Red Ted Art has a fabulous cardboard shield and sword DIY if you want to go completely homemade!
I’m so happy to report that this costume has been used year-round by both my little one and her 7-year-old brother! There have been many jousts, sword fights and adventures and the costume still looks amazing!
I hope you give this project a try or pass it along to someone who might enjoy it!
Wishing you all a Happy Halloween!
Make sure to check out my Wicked Witch of the West costume and tutorial!
Wait! Before you go, make sure to follow me on Pinterest! I have some awesome Halloween boards on there!
Wow!!! Awesome costume!! Love everything about it!!! Thanks for linking to our cardboard shield!
Thanks so much Maggie!
That is a huge complement coming from you!
I love you and your whole site!!
Thanks for this, looks great. The list of materials should be really helpful. Your link to your paper pattern is broken, but I think I can sort it out by the pictures.
Hell there! Thanks so much for letting me know about the link I will fix it now!
Still no dice. Can you try the link again? I’m excited about this project!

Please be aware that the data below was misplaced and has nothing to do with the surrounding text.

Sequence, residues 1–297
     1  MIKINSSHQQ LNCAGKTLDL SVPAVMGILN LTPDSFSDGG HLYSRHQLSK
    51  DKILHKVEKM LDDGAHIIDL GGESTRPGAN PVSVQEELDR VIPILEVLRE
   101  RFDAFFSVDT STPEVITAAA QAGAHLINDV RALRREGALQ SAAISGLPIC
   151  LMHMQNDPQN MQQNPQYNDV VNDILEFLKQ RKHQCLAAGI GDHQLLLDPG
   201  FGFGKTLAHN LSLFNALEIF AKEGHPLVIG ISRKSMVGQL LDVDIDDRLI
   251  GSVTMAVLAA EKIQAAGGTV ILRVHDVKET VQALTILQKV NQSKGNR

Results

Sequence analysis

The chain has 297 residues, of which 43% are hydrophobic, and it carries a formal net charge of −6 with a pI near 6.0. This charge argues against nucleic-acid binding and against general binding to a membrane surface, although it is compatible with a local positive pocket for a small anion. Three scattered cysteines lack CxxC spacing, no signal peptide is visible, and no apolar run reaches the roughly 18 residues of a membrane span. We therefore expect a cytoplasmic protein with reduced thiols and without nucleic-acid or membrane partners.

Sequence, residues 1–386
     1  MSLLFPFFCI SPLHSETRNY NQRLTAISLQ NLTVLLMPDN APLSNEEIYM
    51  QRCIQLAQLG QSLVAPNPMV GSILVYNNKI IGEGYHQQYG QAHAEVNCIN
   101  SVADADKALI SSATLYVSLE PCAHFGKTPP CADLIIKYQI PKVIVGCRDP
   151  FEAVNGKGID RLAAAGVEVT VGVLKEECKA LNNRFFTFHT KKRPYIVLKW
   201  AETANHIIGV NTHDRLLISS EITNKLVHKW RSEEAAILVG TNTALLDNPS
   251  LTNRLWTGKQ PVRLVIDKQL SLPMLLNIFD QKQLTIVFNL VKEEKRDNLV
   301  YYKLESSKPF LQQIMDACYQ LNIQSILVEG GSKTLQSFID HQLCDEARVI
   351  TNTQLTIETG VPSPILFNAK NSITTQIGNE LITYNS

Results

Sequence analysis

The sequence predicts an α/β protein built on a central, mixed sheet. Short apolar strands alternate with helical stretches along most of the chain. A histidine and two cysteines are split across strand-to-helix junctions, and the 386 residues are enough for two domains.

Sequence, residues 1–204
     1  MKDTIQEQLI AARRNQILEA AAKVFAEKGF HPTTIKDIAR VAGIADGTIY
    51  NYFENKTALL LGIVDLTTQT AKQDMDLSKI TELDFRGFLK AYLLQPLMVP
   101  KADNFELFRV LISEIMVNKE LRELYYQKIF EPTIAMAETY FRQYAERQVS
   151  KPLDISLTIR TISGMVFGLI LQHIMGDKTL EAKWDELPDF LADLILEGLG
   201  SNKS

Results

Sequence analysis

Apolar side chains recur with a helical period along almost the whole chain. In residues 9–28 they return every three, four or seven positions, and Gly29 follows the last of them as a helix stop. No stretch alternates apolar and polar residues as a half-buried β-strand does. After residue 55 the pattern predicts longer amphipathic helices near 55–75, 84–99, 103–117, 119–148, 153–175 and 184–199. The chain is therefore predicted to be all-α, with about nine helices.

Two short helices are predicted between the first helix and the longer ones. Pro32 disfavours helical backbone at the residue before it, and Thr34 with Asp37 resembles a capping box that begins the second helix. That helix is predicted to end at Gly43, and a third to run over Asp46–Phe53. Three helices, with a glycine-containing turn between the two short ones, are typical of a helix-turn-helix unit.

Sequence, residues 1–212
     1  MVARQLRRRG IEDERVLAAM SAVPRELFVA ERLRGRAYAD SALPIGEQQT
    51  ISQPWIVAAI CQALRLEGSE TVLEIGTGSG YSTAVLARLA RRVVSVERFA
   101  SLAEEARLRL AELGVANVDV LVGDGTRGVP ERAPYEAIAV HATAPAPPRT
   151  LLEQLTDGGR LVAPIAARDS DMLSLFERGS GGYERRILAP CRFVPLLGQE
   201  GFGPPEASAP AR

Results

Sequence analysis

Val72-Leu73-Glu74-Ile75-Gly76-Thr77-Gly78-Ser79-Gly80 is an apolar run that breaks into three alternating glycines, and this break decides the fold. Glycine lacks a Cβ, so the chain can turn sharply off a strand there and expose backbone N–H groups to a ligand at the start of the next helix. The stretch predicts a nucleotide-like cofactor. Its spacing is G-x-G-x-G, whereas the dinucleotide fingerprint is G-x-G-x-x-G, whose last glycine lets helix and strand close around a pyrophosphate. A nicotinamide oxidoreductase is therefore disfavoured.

Hi there! The link to the pattern is broken – can you fix, I’d love to give it a shot for my little guy!
Thanks so much for letting me know about the pattern I will fix it straight away!
PS: Such a fun costume to make!
I love this! I have 3 little knights this year (3 boys) and their baby brother is a court jester! Wondering where you found the decorative ribbon you used for the collar and the belt??? THANK YOU!
Oh my gosh that sounds so, so cute!!
I found the decorative ribbon at JoAnn’s!! You can use either side–really pretty!
I’d love to see a pic if you get a chance! My email is email@example.com!
This is so cute! I was shocked when my 4yo daughter came home requesting to be a knight for Halloween, but the girl know what she wants! Where did you locate the fabric for the base/tunic portion? Not really familiar with buying felt outside of the little 8.5 x 11 sheets! How wide is it normally (found felt fabric on JoAnns website, but it says 72″ wide, which seems really big, but I’m not an experienced crafter!)
Your 4-year-old has awesome taste!!
So the base fabric is from JoAnns and it’s felt. Felt runs wide, which is good because you need less yardage that way!
If you have a JoAnns near you I would recommend actually going in and then you can bring the pattern up to the cut counter and they can help you with yardage!
Felt is super easy to work with!
I’d love to see your little knight when it’s all done! My email is firstname.lastname@example.org!
This pattern is so awesome! This is the first year my oldest has made her own decision on what to be for Halloween. When we asked her she said a Knight….which prompted her middle sister to say she wanted to be a dragon….and the youngest sister by default will be a unicorn. Mom and Dad are going to be king and queen. Do you think I need to adjust the width at all since she is 6 and not quite as small as your little knight?